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Time To Tear The Roster Down In Phoenix?

Eric Saar looks at if the Suns should start from scratch with their young core or stay the course.

Eric Saar



Not much has gone right for the Phoenix Suns this season. After a disappointing season opener against the Dallas Mavericks, the Suns starting stringing together some wins and looked like a solid playoff-caliber team led by point guards Eric Bledsoe and Brandon Knight. That duo looked to be playing themselves into at least the conversation for All-Star spots.

Then the losses started coming. They blew fourth quarter lead after fourth quarter lead to sub-par or depleted teams. Home court wasn’t defended as they lost games to terrible teams in Phoenix. What seemed like a very good defensive team on paper (with Bledsoe, P.J. Tucker and offseason acquisition Tyson Chandler) has struggled mightily – currently ranking 22nd in the NBA.

Their guards struggled to contain penetration and their rotations were slow, resulting in fouling late (which just compounded the issue). They couldn’t stop anyone in transition. The bad defense combined with stretches during games where the offense stalled gave opponents time to gain a lead that proved to be insurmountable once the Suns got out of their funk within the game. This resulted in losses piling up.

The entire season has been overshadowed by the Markieff Morris situation. The offseason issues and trade demands have been looming over the Suns for months. The situation got even worse with the recent incident where Morris hit head coach Jeff Hornacek with a towel as he was upset with being benched. Morris was suspended two games by the team, but that didn’t affect the rotation much since he had been inserted into the lineup only sparingly in the last month.

The first game Morris missed due to suspension was in Phoenix against the lowly Philadelphia 76ers. The 76ers only had one win on the season at that point, yet the Suns lost to them at home. To make it even worse, Philadelphia was missing their highest scorer and rebounder, rookie Jahlil Okafor, making it an even more inexcusable loss.

Everything started going downhill from there. Two issues arose out of that game.

First, Bledsoe (arguably Phoenix’s best player) hurt his knee. After evaluation, it was determined he needed surgery to fix his meniscus, making this the third serious knee injury that he has had during his NBA career (although the previous two surgeries were on his other knee). The original timeline was about six weeks, but following the surgery on Tuesday, Bledsoe was ruled out for the entire season. That is because they are repairing the meniscus instead of removing it, which is better for the long-term health of his knee, but has a long recovery period.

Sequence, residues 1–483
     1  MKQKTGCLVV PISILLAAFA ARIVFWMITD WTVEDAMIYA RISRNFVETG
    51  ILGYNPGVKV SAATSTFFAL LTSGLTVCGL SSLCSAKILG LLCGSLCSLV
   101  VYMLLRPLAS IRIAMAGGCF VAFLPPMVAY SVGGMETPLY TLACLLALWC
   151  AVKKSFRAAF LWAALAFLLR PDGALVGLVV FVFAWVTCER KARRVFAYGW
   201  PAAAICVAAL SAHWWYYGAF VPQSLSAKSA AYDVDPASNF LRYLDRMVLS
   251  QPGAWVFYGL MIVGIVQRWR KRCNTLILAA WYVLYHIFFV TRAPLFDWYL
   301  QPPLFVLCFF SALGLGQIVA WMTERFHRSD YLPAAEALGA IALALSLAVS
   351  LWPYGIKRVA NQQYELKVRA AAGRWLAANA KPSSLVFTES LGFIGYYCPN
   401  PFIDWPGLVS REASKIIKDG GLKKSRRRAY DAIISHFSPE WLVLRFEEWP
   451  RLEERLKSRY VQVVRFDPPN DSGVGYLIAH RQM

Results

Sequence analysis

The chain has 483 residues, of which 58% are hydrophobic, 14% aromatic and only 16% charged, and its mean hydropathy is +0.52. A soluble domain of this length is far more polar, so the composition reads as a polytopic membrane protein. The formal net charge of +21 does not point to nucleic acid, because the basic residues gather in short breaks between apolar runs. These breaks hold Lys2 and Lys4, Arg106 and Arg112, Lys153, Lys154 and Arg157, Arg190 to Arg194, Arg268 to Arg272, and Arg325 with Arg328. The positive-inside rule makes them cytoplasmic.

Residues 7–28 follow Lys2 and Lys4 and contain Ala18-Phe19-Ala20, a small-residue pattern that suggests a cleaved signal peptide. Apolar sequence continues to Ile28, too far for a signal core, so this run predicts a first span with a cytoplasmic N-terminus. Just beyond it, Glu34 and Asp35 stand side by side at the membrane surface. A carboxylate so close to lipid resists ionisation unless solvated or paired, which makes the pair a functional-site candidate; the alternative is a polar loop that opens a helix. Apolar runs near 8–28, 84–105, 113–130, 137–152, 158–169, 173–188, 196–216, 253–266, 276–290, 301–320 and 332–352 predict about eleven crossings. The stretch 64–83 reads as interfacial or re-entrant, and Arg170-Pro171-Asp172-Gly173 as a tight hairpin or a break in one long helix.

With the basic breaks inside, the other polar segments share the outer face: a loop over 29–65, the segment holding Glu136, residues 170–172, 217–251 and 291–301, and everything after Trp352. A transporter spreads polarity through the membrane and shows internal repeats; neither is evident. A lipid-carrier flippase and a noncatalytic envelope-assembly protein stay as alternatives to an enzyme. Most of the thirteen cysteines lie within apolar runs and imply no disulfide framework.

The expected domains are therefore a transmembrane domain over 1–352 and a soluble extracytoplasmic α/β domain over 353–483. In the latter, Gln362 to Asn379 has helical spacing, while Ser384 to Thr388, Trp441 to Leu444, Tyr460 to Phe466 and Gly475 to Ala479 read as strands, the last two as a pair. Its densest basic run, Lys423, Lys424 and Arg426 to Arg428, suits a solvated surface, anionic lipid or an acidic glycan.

Secondly, the Suns management sat down with all the players following the Philadelphia debacle and decided to fire the two lead assistant coaches Mike Longabardi and Jerry Sichting. They promoted Earl Watson and Nate Bjorkgren and already have Corey Gaines as an assistant coach. Watson was seemingly hired to help recruit LaMarcus Aldridge this offseason and was retained even when Aldridge chose San Antonio. Bjorkgren was, as recently as last season, coaching the Suns’ Developmental League team (the Bakersfield Jam), but was promoted to the Suns’ staff as player development coordinator this offseason. According to reports, the Suns are reluctant to fire Hornacek and are trying to shake up the coaching staff in any other way. It certainly doesn’t seem like Hornacek will be gone before the end of the season with the recent news, but he may be gone in the summer.

This leaves Phoenix with some choices as they try to right the ship.

One choice is to “blow it up” and another is to plod along and hope they can make the playoffs. The former plan follows the likes of the Boston Celtics when they traded Kevin Garnett, Paul Pierce, Ray Allen and eventually Rajon Rondo until they had basically no vets but a lot of young players and draft picks. Now they are starting to be competitive. Another example is the Portland Trail Blazers, who just blew it up and are already occasionally competitive, but not consistent. An example of the latter is roster tinkering that the Toronto Raptors have been doing for a few years. They keep a young core, even though they are having no success in the playoffs, choosing to switch out ancillary pieces until they find the right one. The constant seems to be that Markieff Morris will be traded no matter what. Let’s take a deeper look at the potential plans.

Choice #1: Plod Along